Trying to figure out what is best with all of the different training methods out there can drive anyone crazy, so we are going to fuck you up even more now by introducing yet another one appropriately named ‘eccentric training.’
Before you blow it off, it’s really something that all of us have been subconsciously doing since the first time we ever picked up a dumbbell. But once some details are given about it, all of it sort of comes together and makes a lot of sense. So what is eccentric training? Let’s dive in.
THE SCIENTIFIC BULLSHIT PART
Yeah…we know that watching paint dry is more exciting than the science behind this stuff, but it’s good to know why you are doing something in the gym. So as painful as it may be, do the best that you can to read through this boring shit.
There are two parts to every rep: the lifting (or concentric) phase and the lowering (or eccentric) phase. Most meat and potatoes guys just call that the negative part of the rep. Well, a bunch of scientists came up with a theory about the importance of the negative part and that doing it in a slow and strict manner releases a chemical called phosphatidic acid, which increases protein synthesis. Even if you have no clue what any of that means, we’ll sum it by saying that is it good and will help you make solid gains.
THE EXECUTION PART
Now that you are armed with all of that new intelligence, let’s put it – and you – to work. When you control the weight on the down movement instead of just letting gravity do the work, you are taxing the target muscle (or muscles for compound movements) and making the most out of every rep.
How slow should you actually go? We’re glad that you asked, and the answer is…it depends. Other factors come into play, such as what exercise you are doing, your experience level and how much weight you are using. But a basic rule of thumb is one-to-three seconds at the minimum and approximately five-to-six seconds at the most.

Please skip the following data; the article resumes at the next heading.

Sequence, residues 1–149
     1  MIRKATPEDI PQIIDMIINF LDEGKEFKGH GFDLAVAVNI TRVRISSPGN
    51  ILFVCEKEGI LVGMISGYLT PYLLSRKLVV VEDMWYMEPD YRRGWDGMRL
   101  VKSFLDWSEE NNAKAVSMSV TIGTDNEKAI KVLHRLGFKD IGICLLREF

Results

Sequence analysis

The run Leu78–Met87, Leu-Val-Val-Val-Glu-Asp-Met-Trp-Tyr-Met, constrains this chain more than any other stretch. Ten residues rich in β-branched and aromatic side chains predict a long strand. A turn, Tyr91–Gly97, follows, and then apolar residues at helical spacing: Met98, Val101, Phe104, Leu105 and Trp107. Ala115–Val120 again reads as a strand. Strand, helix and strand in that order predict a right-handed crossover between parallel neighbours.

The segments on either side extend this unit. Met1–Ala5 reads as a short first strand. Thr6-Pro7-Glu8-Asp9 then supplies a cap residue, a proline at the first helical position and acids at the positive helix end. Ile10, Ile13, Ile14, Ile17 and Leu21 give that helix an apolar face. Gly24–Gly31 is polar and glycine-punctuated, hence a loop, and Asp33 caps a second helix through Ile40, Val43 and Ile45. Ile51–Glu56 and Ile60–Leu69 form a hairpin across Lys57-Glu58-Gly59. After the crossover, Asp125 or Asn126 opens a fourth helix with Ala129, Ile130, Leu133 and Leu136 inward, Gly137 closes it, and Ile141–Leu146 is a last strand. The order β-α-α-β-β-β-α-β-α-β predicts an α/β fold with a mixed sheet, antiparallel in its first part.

What you are doing is causing maximal muscle fiber damage by keeping the tension going and that will result in better growth once the recovery and recuperation phase kicks in. You’re going to feel the difference in the pump if you have never taken advantage of this training style before.
It may sound ass-backwards, but you are actually using less energy when performing eccentric training. The reason is that you are not doing an explosive-type movement and it is more controlled, allowing you to expend your energy throughout the rep and having some in reserve for more.
Another attraction with eccentric training is that is strengthens your tendons and increases flexibility. If you ever have had to undergo surgery and attend physical therapy afterwards, you were put through exercises with light weight that was used in an eccentric manner.
The therapist gave you a small dumbbell and had you do whatever movement with it, but instructed you to do it in a slow and controlled manner. He or she then measured your range of motion and each week you went through the same thing to see if you have made any improvements.
All of that boils down to the fact that eccentric training works – in the physical therapist’s office and in the gym.